- 20 years experience in the application and study of organizational design issues
- Assistant Professor, Strategy at INSEAD
- Lecturer, Management and Strategy, Northwestern University - Kellogg School of Management
- 11 years at Bayer AG, where he held management positions in the U.S. and Germany in industrial marketing, information technology, mergers & acquisitions, and strategic planning
- PhD, Managerial Economics
- All 7 Best Practices
- Pre-Call Discovery Process
- One-on-One Call with Expert
- Session Summary Report
- Post-Session Engagement
Essential Skills for Organization Design Success:
- Strategic thinking: Able to see the big picture and not lose sight of macro goals.
- Analytical thinking: Can get to the heart of issues; understand complex relationships among different parts of the organization.
- Pragmatism: Not a job for idealists; able to recognize and manage inevitable tradeoffs between benefits and costs, between what is desirable versus what is possible.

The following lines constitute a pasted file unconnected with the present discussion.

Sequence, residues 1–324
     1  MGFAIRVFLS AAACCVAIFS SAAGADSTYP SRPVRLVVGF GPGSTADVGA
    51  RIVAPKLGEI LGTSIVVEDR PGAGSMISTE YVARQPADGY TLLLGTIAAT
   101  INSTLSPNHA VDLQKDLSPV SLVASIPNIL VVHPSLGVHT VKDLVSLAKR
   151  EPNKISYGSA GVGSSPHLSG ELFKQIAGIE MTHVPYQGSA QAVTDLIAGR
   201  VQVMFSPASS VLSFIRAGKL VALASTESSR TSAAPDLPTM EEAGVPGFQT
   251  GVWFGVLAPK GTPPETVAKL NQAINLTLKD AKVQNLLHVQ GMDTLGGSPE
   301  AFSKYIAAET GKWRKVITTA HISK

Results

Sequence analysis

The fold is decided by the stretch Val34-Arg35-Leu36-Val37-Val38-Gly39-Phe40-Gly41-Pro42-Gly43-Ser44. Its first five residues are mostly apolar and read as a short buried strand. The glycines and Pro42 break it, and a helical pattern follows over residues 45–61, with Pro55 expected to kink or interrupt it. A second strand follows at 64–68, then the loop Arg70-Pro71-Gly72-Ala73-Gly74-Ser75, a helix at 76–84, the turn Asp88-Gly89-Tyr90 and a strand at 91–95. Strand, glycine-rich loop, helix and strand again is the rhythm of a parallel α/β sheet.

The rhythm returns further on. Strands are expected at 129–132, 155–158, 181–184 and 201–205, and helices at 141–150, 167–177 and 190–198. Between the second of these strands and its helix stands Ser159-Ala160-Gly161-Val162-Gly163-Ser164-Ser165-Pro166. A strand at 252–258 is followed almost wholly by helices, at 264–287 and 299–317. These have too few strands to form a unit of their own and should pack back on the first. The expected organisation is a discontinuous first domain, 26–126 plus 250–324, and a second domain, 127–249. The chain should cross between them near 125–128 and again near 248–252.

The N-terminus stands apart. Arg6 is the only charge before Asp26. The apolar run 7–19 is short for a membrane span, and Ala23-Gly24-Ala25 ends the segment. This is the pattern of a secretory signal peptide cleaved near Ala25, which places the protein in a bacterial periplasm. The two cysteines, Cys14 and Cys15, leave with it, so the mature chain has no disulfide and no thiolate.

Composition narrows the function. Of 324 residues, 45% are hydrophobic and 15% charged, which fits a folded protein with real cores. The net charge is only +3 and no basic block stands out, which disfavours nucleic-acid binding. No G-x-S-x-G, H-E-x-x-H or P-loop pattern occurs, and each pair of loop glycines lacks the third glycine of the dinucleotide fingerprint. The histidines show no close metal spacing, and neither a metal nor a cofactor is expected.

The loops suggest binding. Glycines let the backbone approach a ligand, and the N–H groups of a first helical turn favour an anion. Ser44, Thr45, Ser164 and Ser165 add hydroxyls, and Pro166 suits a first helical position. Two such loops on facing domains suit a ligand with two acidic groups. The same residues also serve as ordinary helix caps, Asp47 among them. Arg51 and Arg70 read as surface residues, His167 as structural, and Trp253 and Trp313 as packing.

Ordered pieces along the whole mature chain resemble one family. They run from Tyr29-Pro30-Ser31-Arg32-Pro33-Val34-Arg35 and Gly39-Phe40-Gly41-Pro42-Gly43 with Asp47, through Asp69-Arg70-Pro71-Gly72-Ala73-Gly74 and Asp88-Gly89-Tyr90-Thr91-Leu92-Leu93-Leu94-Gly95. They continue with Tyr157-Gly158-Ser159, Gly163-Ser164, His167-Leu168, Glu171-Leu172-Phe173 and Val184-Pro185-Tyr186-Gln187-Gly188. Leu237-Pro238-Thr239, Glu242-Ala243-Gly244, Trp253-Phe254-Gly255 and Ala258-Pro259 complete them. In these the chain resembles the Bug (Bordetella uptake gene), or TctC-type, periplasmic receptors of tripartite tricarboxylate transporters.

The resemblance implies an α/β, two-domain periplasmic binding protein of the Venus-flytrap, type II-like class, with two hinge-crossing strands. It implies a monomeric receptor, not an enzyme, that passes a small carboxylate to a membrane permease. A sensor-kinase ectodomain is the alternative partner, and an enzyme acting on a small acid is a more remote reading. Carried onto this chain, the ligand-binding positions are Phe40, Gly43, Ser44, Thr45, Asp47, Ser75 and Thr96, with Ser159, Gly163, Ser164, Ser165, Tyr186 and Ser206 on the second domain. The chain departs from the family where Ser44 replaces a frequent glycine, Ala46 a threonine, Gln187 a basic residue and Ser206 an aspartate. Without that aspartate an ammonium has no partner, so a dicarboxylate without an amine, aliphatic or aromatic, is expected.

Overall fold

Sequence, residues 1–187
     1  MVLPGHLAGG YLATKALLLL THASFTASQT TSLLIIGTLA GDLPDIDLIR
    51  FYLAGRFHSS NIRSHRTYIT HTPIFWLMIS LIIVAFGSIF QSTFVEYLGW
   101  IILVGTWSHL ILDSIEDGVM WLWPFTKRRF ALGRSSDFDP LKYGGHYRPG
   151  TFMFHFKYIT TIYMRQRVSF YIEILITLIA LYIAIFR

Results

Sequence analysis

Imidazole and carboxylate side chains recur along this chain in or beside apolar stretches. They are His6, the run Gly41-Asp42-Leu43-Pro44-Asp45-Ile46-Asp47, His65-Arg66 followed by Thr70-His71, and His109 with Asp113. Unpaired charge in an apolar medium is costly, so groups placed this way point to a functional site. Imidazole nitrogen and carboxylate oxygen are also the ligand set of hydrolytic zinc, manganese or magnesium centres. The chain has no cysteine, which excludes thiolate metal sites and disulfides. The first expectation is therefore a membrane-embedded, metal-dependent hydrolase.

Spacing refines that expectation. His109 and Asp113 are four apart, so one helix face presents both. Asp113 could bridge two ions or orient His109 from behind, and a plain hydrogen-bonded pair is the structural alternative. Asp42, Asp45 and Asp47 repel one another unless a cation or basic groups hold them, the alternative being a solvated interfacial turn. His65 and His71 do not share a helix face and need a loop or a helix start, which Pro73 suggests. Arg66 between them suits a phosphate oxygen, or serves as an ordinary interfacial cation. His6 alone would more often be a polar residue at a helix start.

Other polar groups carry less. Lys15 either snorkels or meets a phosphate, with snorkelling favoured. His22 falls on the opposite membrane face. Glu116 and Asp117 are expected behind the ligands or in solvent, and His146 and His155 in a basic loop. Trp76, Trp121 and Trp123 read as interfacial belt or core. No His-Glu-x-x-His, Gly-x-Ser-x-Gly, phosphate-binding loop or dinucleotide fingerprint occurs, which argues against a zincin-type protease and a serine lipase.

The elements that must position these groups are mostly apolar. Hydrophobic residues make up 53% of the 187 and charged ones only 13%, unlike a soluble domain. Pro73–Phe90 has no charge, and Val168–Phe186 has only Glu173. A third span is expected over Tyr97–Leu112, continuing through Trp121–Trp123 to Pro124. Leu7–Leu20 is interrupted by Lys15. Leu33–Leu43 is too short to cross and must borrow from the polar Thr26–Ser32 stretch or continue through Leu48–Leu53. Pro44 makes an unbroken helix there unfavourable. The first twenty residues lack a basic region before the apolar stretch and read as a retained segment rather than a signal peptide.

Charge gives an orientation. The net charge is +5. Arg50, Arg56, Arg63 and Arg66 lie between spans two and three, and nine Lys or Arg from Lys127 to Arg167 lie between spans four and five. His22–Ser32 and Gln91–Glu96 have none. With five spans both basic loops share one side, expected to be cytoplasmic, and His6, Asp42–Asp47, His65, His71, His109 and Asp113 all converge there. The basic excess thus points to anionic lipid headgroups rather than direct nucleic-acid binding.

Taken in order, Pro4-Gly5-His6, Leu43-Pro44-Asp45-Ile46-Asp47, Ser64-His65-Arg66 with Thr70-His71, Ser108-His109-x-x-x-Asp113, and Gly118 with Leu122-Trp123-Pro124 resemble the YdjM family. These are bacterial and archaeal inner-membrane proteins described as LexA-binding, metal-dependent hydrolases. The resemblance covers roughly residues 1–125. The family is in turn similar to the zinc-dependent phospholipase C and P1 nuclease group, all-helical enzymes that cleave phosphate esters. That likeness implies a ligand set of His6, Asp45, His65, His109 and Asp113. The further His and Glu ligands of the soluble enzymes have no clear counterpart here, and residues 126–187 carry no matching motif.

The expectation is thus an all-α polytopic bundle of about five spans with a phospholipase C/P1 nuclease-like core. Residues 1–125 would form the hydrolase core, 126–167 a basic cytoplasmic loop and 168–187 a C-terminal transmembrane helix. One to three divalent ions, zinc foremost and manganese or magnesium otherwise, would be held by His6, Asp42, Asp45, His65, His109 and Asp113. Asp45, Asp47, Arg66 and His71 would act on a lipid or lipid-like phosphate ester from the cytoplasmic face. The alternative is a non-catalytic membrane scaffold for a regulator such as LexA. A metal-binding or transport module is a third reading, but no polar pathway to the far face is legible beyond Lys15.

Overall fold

- Creativity: Able to see multiple paths to the goal.
- Deep functional expertise: Can understand the practical implications of changes to the design.
- Experimental mindset: Recognizes that this is an iterative process; challenges conventional wisdom, own and others' biases.
- Networking, political skills: Organization redesign usually creates winners and losers; designer needs to build coalitions and manage inevitable opposition.
- Interpersonal skills: "Ear to the ground," able to read the emotional temperature of individuals and groups, listens well. communicates clearly and authentically with diverse audiences.
It is rare for one person to have all of these skills. Organization Design therefore usually requires a trusted team with complementary skills.
Desirable Conditions for Organization Design Success:
- Clear and compelling strategy: What are we trying to achieve and why is change necessary?
- Organizational culture: Flexibility, openness to change, willingness to share information, ability to accept mistakes and learn from them, ability to disagree openly but resolve disagreements amicably.
- Engagement: Involvement of the people affected.
- Realistic expectations: Not a silver bullet, takes time and resources, transition to new design will often be disruptive.
- Adequate resources: Design takes money and people's time; transition may temporarily affect revenues or costs.